2016 has not started off anywhere near the way I assumed it would begin. In the first 10 days of this year, I have had a crash course in medical school. My Google search history looks like it might belong to a first semester med student. Ischemic stroke, mechanical thrombectomy, IVC filter, trach and peg, stroke prognosis...it's not a pretty sight.
New Year's Day started off like any random Friday that Kate was out of school and Nick was off work. We woke up whenever we wanted. Kate was already up and watching cartoons when I rolled out of bed. Around 10:45 am my Dad called, as he usually does on holidays and I assumed that I was going to get some new year's wishes and a lecture about eating black-eyed peas. We were scheduled to have lunch at Yiayia's house, complete with all the standard menu items for the new year - ham, cornbread, and of course the aforementioned black-eyed peas which I hate with a passion but I eat because it makes the old men in my life happy. But instead of a calm hello and happy new year, I was met with my father's panicked voice.
"They think Pam has had a stroke. The ambulance is here now."
It has always scared me when my daddy is scared. Daddies are always supposed to be brave and strong, confident. They always have the answers. I still and will continue to call my Dad when I need advice or have a question about some grown-up something that I assume he would know. That's his job. Now the roles were reversing.
At first he wasn't sure where they were taking her - it started off as one hospital but they were full so the ambulance was re-routed. Once they arrived in Rockwall, a test was done to determine the type of stroke she had. Was it ischemic or hemorrhagic? Treatment would change depending on the type. We didn't immediately head to Rockwall because there was a good chance they would air lift her to another hospital depending on the type of stroke, so we had to wait until we knew exactly where we were going.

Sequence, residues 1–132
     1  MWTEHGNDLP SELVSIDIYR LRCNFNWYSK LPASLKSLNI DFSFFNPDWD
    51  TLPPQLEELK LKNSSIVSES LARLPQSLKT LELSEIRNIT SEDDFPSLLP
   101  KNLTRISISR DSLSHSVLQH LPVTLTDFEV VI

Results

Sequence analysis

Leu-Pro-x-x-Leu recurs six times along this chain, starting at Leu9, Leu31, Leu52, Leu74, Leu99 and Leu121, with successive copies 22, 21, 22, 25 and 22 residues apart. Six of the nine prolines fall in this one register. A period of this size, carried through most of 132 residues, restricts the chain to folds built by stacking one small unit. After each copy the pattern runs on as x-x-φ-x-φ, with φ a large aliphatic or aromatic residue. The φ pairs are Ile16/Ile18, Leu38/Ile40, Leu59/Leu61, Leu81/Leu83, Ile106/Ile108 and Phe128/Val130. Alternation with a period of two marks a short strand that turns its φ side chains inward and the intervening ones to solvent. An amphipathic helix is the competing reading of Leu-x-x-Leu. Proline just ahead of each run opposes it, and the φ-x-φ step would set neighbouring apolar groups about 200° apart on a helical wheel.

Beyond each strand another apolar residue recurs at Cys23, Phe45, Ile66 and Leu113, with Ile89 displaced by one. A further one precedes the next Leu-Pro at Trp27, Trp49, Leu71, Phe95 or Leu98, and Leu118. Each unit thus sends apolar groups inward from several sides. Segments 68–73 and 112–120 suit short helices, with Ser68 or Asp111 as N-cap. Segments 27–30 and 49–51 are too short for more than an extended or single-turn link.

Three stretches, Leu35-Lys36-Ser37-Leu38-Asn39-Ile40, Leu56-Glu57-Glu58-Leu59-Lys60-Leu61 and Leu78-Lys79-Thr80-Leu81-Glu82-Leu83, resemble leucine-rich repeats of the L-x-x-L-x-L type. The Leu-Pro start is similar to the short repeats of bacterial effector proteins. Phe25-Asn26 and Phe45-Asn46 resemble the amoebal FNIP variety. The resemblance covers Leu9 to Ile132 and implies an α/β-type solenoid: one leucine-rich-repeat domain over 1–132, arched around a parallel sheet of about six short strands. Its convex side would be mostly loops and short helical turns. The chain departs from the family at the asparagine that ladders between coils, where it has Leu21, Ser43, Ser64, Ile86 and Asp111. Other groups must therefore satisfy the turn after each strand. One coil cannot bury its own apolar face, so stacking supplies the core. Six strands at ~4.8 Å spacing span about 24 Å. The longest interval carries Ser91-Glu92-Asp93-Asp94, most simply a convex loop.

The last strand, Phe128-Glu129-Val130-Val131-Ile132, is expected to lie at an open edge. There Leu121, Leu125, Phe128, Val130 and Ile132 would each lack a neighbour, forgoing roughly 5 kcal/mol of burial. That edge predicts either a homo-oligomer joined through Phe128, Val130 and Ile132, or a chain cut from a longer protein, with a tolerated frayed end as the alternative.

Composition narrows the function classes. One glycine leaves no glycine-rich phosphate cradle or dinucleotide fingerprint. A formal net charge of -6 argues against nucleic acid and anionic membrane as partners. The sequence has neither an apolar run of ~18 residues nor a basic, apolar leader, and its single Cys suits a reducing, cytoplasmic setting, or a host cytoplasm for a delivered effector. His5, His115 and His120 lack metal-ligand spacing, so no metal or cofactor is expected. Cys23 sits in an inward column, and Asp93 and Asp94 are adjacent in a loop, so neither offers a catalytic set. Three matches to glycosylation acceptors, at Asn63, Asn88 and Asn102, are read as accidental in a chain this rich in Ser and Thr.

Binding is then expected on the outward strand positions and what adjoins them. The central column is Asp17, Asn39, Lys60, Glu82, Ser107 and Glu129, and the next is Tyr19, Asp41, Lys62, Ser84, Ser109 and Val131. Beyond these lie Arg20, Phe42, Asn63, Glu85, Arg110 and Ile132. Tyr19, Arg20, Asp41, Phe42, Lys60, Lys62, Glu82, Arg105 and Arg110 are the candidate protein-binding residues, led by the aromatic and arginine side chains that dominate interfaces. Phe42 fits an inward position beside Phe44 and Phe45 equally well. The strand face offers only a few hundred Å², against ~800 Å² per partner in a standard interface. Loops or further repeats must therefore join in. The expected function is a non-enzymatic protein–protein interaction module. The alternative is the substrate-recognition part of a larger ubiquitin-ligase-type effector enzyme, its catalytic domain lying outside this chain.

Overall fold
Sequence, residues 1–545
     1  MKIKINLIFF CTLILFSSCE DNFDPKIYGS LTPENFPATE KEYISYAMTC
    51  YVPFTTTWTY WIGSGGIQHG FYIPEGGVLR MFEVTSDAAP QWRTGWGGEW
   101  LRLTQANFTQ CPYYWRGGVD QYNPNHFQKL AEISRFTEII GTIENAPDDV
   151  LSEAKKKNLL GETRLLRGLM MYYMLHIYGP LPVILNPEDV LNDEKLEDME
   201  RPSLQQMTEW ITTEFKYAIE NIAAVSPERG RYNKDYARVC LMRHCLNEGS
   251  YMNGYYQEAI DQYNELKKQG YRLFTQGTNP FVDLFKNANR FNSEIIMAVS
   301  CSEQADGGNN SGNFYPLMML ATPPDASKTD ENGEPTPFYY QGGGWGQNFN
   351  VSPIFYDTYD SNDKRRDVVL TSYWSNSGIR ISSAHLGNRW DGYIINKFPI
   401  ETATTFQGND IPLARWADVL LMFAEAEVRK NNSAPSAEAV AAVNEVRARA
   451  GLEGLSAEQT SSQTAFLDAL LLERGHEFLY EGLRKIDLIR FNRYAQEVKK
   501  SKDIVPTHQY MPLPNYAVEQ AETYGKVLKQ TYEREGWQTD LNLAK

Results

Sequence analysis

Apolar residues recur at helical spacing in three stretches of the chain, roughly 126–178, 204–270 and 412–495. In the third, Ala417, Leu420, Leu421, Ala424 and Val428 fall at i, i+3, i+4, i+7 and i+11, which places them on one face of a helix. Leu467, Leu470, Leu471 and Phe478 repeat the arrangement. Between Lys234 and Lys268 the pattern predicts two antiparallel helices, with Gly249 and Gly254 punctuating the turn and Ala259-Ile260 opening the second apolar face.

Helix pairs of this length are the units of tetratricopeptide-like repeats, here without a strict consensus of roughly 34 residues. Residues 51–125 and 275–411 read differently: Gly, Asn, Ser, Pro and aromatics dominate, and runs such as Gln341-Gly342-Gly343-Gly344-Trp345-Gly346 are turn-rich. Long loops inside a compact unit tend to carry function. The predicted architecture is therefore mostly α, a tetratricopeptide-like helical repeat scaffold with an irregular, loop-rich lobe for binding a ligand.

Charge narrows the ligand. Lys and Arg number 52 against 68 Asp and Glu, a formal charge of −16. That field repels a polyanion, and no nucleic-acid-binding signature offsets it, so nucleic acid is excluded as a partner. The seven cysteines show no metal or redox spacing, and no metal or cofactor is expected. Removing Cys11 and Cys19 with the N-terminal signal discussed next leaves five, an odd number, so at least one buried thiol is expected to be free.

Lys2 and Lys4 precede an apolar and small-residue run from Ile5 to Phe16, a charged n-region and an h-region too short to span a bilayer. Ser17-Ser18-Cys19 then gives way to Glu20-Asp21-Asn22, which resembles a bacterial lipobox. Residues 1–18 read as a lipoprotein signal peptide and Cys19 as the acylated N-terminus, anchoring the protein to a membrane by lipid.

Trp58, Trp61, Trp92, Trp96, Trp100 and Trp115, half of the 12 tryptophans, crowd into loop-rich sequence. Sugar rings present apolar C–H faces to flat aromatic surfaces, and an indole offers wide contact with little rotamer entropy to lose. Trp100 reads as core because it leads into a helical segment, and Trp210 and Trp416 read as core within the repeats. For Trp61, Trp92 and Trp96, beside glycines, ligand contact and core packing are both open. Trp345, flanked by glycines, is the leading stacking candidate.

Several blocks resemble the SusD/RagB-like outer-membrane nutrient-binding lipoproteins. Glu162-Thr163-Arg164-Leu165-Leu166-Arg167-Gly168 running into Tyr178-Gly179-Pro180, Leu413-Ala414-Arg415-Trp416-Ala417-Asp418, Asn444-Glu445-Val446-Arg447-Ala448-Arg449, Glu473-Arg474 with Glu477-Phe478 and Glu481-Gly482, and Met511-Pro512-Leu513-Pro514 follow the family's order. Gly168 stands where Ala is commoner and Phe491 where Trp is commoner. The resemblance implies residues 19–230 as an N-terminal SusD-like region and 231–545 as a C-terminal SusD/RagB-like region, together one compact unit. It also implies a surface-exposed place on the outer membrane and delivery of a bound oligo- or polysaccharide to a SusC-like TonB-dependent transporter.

The Medical Center of Plano became our target as they care-flighted Pam to a waiting team of doctors. The side of one of the buildings proclaims them as "The Brain and Spine Hospital" so I felt fairly confident in their ability to treat the situation. Jason and Heather made arrangements for the kids and they were heading towards us. Nick and I arrived just as one of the neurosurgeons was talking with Dad about a mechanical thrombectomy. This procedure would allow them to break up the clots in her brain, and she was a candidate. Not everyone is...and it was her only chance. Dad signed consent forms as I stood beside him in a tiny room where major decisions are made every day.
A few hours passed. They told us to expect it to be around a 4 hour procedure. It didn't take them quite that long, and they successfully broke up the clots. They showed us scans of her brain. They showed us damage and restored blood flow. They told us we don't know if it was enough, or if it was even going to help. All they could guarantee is that we had long road ahead of us - stroke recovery is very much a wait and see type of situation.
Over the next few days we drifted between playing the waiting game at the hospital, greeting visitors and meeting new nurses each day, answering text messages and emails with updates, waiting some more, and trying to accomplish work and some sort of normal life in between it all. We found ways to pass time at the hospital, we found ways to pass time at home. Wait, wait, wait.
Tomorrow some difficult decisions will begin to be discussed and made. Tomorrow is the day that none of us wanted to come.